Return to News

Student builds ‘tiny mansion’ for summer living

by Matt Collette

People tend to be skep­tical of envi­ron­mental sci­ence and polit­ical sci­ence com­bined major Anderson Page’s house, a 144-​​square-​​foot unit built this spring as part of his senior thesis project.

“There’s a look in people’s eyes and a kind of smirk, because the whole thing almost sounds like a joke—a tiny house on a trailer,” Page said. “But while it’s small and looks almost like a gin­ger­bread house from the out­side, it’s really nice and even roomy on the inside.”


photo courtesy Anderson Page

Page, who is 6 feet 3 inches tall, designed the house to be as spa­cious and effi­cient as pos­sible, putting careful thought into every detail of the design. The 11-​​foot ceil­ings keep the building from feeling cramped; at a house­warming party, eight friends fit com­fort­ably inside.

“You can live in small spaces,” Page said, “but if they’re not designed well, it’s going to feel cramped, uncom­fort­able, and inefficient.”

Though he had ini­tially intended on going to car­pentry school after fin­ishing high school, Page said his par­ents encour­aged him to enroll in col­lege, leading him to North­eastern. At North­eastern, he focused his studies on how to make build­ings smaller and more effi­cient, with a par­tic­ular emphasis on leaving a small carbon foot­print and reducing utility costs. After spending the summer living in the house—which cost him about $16,500 to build—he plans to sell the unit and pursue other envi­ron­men­tally con­scious con­struc­tion projects.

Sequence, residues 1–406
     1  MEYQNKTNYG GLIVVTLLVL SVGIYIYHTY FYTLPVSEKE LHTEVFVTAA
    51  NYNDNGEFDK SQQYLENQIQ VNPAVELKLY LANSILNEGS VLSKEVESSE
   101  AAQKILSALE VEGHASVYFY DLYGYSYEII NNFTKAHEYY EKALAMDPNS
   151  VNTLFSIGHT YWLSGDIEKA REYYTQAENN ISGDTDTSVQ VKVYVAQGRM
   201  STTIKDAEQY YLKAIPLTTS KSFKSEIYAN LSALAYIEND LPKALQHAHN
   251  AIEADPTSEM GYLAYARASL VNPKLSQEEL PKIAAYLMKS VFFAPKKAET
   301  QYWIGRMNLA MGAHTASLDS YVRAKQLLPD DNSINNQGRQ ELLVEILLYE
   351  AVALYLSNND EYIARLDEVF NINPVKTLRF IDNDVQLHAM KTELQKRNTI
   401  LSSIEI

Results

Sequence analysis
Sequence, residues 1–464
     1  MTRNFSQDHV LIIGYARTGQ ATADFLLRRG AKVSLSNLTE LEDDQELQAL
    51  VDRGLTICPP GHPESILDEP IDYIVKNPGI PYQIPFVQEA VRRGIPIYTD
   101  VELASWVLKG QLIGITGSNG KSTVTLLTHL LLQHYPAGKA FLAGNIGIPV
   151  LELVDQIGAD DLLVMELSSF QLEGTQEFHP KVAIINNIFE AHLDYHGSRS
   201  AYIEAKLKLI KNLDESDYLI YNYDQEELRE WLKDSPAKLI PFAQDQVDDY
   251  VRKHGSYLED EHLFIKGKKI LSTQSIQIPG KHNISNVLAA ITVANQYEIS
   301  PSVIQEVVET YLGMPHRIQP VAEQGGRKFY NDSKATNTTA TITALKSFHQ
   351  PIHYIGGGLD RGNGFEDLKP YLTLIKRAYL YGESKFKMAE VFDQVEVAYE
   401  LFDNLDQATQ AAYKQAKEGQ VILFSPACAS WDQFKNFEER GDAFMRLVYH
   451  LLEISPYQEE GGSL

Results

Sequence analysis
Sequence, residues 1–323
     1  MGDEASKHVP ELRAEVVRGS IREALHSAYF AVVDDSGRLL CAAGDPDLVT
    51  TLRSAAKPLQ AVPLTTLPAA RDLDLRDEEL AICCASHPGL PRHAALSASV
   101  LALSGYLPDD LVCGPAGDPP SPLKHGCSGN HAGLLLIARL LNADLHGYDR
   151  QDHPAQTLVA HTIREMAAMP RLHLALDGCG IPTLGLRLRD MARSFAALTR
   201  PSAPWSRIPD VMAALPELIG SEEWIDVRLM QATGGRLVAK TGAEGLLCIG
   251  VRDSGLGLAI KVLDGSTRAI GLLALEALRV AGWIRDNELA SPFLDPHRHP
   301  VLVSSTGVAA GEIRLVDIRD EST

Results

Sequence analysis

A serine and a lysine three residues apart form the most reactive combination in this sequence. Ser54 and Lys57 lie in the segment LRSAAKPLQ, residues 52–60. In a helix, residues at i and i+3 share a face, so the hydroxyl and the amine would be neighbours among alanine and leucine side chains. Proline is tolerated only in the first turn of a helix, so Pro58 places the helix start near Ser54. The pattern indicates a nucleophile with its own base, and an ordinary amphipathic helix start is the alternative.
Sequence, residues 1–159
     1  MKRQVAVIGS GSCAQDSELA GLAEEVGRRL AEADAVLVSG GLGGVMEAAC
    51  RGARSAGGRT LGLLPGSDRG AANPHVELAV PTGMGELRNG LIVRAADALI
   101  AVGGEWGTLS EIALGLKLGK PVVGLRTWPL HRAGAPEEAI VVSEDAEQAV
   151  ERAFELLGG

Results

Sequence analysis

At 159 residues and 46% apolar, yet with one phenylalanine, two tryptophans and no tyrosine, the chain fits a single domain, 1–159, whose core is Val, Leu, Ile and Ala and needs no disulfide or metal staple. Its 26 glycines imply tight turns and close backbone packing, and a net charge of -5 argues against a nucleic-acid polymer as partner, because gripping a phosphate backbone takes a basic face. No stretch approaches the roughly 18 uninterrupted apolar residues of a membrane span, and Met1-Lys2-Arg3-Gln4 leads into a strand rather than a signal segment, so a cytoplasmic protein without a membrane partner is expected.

Page chron­i­cled his building project on a blog, Tall Man, Tiny Man­sion,” which he plans to con­tinue updating over the course of the summer. He hopes his project—part of a small but growing trend—will chal­lenge Amer­i­cans’ long-​​standing assump­tions about how much space they need.

“My project is a reac­tion, albeit an extreme one, to the McMan­sion­iza­tion of the sub­urbs,” Page explained. “I think it could help a lot of people realize maybe you don’t need a home that’s 3,000 square feet.

“Most people aren’t going to move into a tiny house on a trailer,” he added, “but maybe they’ll realize they can do just fine in a 2,000-square-foot home or that it makes sense to put more emphasis on things like energy efficiency.”

Originally published in news@Northeastern on May 2, 2013

« »